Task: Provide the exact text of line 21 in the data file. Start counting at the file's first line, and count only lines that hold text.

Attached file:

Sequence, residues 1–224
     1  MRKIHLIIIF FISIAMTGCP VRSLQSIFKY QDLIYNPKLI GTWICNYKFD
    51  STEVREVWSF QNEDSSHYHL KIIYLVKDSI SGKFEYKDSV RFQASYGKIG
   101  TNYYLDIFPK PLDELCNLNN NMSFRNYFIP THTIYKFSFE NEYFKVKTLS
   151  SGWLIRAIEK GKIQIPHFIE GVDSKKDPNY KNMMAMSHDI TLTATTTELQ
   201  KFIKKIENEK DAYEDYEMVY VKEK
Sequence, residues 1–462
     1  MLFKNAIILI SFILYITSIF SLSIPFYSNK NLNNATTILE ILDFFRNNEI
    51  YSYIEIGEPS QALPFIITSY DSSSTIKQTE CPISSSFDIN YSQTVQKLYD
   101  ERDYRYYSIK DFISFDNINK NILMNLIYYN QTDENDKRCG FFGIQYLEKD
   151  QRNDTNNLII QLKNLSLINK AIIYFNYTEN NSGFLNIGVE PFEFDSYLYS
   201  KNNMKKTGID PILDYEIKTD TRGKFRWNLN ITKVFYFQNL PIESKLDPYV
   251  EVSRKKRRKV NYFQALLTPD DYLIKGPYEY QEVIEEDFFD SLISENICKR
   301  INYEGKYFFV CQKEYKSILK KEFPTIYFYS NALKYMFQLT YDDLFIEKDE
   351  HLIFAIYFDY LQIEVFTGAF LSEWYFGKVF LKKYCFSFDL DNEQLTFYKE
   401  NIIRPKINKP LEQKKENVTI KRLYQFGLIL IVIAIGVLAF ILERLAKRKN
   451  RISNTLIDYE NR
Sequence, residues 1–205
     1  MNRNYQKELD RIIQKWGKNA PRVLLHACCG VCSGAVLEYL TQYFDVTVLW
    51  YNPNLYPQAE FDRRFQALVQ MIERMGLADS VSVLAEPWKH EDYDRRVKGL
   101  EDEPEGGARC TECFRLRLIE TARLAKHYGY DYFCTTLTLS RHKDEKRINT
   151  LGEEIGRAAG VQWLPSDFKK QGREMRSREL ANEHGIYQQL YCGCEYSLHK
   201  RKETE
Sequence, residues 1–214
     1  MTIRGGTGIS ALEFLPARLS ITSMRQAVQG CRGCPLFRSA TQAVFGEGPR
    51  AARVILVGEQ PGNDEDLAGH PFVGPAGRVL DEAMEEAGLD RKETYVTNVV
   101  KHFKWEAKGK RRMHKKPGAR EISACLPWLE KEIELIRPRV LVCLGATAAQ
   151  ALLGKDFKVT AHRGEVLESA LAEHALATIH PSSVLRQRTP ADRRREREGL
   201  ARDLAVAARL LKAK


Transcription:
   101  EDEPEGGARC TECFRLRLIE TARLAKHYGY DYFCTTLTLS RHKDEKRINT